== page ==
No leadership error embodies the appearance of impropriety more completely than nepotism, and, for good measure, it also creates an inherent conflict of interest and undermines fairness and integrity. Yet people continue to argue that it is not inherently unethical, and leaders and managers in all fields continue to walk into the nepotism trap. The fact that it doesn’t always snap shut is not an argument in its favor, for this is just moral luck; letting your kid play with matches in bed won’t necessarily burn the house down or kill him, but it’s still irresponsible.

Washington Redskins fans now have a painful lesson in nepotism’s drawbacks to guide their own decisions. As has been a routine event about now in the pro football season since hapless owner Dan Snyder became responsible for the team’s personnel, the Redskins season is imploding, and the head coach is on the griddle. This season that coach is Mike Shanahan, and the problem is his offense. The Skins were shut out Sunday, 23-0, and appear to have no quarterback, no offensive line, and no clue.

The team’s offensive coordinator? Kyle Shanahan, the head coach’s son. Now what? Continue reading

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Filed under Business & Commercial, Family, Government & Politics, Leadership, Sports, Workplace

Further Ethical Musings on Ko-Ko’s Little List’s “Eliminationist Rhetoric”: the Duty to Fight the Insanity

The more I think about the controversy over the Montana production of “The Mikado,” which I discussed in the previous post, the more it bothers me.

The fact that some conservative Missoulans were disturbed by Sarah Palin’s inclusion on the iconic “little list” carried by the fictional Ko-Ko, the Lord High Executioner in Gilbert and Sullivan’s classic musical comedy “The Mikado” is disturbing. The fact that the Missoula Community Theater actually caved-in to ignorance and hypersensitivity and removed the lyric is more so.  but the fact that some sensible commentators, like the Wall Street Journal’s usually perceptive and witty James Taranto, have had their brains addled by the current attempt at language, metaphor and humor purging by politically correct hysterics is genuinely terrifying. Continue reading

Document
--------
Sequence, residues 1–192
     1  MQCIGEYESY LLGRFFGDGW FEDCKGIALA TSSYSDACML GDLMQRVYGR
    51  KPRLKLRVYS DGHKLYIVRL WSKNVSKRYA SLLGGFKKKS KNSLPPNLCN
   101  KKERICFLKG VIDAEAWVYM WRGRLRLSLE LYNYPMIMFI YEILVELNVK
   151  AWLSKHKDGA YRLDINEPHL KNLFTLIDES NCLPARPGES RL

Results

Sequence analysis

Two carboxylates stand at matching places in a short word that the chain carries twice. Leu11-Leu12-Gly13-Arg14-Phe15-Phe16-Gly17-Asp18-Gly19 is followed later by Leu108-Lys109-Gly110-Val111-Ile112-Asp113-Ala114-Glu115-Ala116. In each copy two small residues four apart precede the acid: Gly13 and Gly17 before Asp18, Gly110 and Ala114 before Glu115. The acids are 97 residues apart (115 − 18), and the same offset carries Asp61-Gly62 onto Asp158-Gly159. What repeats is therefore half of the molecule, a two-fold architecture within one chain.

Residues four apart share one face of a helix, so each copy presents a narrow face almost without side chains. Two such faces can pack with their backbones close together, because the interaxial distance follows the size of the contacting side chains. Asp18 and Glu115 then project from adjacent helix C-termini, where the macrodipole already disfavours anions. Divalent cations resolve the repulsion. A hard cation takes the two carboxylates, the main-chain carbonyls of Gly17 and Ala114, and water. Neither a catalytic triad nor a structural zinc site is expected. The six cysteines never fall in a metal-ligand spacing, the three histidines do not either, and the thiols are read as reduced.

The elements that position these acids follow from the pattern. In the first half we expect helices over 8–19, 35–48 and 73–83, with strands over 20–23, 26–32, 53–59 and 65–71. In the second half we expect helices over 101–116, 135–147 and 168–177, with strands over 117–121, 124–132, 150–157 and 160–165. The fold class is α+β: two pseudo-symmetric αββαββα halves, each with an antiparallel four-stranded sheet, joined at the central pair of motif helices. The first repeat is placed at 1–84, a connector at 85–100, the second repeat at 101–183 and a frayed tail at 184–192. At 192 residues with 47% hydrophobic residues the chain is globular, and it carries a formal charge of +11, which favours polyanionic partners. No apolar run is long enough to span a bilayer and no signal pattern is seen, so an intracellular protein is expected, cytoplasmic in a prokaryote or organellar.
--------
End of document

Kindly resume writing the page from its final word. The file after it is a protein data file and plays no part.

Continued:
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Filed under Arts & Entertainment, Citizenship, Government & Politics, History, Journalism & Media, Literature, Popular Culture, U.S. Society

Ethics Progress: America Kicks Its Kennedy Addiction

For more than 60 years, descendants of tycoon/bootlegger/diplomat/influence-peddler Joseph P. Kennedy have held elite elected positions of power in the U.S. Government. The reason for this has not, in most cases, been the remarkable talents of the family members involved, nor their accomplishments, wit or demonstrated expertise on anything related to public affairs. Voters have elected the Kennedys because of their last name, because too many of them were lazy celebrity worshippers rather than responsible citizens. Continue reading

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Filed under Citizenship, Family, Government & Politics, History, Leadership, Popular Culture, Public Service, Philanthropy, Charity, U.S. Society

Courting Confusion: Unethical Candidates for Unethical Voters

In Chicago, Rep. Jesse L. Jackson will be running for re-election against…Jesse L. Jackson, a political novice. Why is he–that is, Jesse #2—running? Obviously, he hopes to confuse enough voters to steal an election, and I do mean steal. When a candidate intentionally seeks to capitalize on voter apathy and ignorance, that is dishonest, unfair and cynical. The Chicago Congressional election is a blatant example, but not the only one, or even the most egregious. For in Massachusetts, the critical special election for the U.S. Senate seat left vacant by the death of Ted Kennedy may well be decided by a block of civic slackers and fools who think that Independent candidate Joseph Kennedy is from the same family that gave us Jack, Bobby, Ted, Abraham, Martin and John…wait a minute, I got carried away there. Just the first three. Continue reading